Friday, 21 February 2014

After the Fear Review

I had After the Fear waiting, unread, on my tablet for the past few months. Only recently, when I was going through my emails did I remember it and decided why not read it? I haven’t anything better to do. And let me tell you – that was one of the best decisions of my life.

After the Fear by Rosanne River’s takes place in a dystopian society in which England has to pay of the “debt”, which they do by holding these events called demonstrations. If someone breaks the law, they get thrown into a demonstration. This book follows the perspective of a younger heroin named Sola. It sounds quite like the Hunger Games when you talk about it, but trust me. It’s better.

First of all, there is a well-written, strong female protagonist in this novel. I’ve found it difficult to find books that realistically portray a female lead, and River’s got it perfect in one. Sola faces not just issues that exist only in this fictional world, but also ones that regular teenage girls face, such as drama. But that drama doesn’t take over the book and there’s still plenty of action to go around.

I see the comparison to the Hunger Games, but the two books are not the same. There is fighting in an arena, but in After the Fear it’s more Roman gladiator style verses attempting to live in a strange yet controlled environment. The plots are also entirely different. This book is much less of a story leading up to a rebellion and war and more about the main character dealing with things as they’re thrown at her. She does find out about what the government is doing, but for once, there’s a main character who actually thinks better about striking back at full force.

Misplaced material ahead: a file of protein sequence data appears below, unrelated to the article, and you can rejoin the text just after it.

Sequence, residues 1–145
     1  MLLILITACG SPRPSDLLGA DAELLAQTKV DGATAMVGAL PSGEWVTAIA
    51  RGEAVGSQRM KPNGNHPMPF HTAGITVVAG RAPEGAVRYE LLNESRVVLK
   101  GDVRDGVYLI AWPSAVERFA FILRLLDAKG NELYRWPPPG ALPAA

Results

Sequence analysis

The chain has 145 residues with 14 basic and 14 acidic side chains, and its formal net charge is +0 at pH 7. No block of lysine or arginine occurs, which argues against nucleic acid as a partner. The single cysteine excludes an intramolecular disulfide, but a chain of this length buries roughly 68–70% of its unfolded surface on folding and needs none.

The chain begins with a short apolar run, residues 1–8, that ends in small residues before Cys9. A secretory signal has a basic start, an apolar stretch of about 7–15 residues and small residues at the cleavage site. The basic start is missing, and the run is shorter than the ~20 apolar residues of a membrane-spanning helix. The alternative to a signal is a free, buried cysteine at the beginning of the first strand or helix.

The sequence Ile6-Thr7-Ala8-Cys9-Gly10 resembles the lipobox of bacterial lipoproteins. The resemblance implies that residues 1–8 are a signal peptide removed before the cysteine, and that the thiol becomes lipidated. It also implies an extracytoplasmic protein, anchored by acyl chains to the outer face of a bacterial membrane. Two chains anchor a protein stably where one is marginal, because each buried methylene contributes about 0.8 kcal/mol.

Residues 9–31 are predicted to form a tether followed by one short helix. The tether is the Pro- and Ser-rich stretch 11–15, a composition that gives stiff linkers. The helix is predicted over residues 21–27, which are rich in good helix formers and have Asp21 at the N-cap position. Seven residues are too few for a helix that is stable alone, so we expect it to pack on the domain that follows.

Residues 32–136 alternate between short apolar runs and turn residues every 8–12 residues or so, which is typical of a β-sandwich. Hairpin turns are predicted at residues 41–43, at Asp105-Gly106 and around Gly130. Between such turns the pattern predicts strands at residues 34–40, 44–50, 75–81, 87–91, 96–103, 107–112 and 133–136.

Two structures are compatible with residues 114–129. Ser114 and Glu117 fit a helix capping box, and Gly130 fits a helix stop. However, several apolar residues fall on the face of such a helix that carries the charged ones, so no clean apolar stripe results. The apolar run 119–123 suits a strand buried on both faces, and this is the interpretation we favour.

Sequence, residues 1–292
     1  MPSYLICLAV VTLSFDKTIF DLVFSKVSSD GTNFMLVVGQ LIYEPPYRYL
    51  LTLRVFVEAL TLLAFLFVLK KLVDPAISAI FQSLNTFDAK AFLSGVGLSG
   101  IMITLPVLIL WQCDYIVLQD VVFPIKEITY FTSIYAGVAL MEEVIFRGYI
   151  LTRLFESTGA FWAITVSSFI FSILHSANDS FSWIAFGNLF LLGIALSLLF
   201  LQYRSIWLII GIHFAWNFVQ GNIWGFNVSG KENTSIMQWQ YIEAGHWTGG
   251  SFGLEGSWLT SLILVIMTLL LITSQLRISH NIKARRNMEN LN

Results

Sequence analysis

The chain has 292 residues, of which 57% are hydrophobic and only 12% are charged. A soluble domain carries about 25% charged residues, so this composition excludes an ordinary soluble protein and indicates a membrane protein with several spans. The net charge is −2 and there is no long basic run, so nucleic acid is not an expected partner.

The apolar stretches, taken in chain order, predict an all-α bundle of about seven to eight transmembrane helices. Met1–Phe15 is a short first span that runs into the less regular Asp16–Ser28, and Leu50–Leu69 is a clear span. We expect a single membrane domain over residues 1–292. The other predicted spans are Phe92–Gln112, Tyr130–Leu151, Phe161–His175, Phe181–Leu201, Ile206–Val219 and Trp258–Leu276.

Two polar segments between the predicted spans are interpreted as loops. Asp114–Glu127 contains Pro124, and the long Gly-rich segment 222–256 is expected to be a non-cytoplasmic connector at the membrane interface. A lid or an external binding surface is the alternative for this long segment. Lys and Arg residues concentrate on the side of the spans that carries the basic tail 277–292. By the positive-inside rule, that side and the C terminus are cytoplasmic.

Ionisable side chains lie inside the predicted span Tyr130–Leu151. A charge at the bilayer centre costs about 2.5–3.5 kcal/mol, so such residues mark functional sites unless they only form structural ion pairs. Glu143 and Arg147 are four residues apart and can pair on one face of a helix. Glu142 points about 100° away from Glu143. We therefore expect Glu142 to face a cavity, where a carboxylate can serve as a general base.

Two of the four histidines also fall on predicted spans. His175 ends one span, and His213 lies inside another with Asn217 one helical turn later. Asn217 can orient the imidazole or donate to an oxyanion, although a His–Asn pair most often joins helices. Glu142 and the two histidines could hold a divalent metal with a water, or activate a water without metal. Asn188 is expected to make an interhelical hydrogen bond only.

The setting in this novel is fairly creative. It took England and twisted it around. Cities stayed cities, but the names were changed and the style of cities did too. No one could leave or enter them and, while some of that is standard practice in dystopian novels, the way River’s went about it and the setting she used as the base was fairly interesting.

There is also a political base to this novel as well. It talks about debt and, similar in this sense to Anthony Horowitz’s Oblivion, takes an issue from today and escalates it to how it might be in the long run if nothing is done. It was a creative approach and the plot twist in the novel really ties it in to modern day.

Overall, I give After the Fear a five out of five. I can’t find much fault with the book and I can see myself coming back to this book multiple times to reread. It easily made my top five favourites of all time, and it’s fairly difficult for a book to place there. I would recommend this book to anyone who wants a bit of action that also satisfies their dystopian society needs. I would also recommend it to any Hunger Games fan. The romance in this novel is fairly minimal as well, so while there is some, it is not sickeningly so. The only warning I have about this novel is that there is a lot of killing, and that could possibly make someone uncomfortable or be a bit of a trigger warning. But overall, this book is brilliant and I highly recommend it.

No comments:

Post a Comment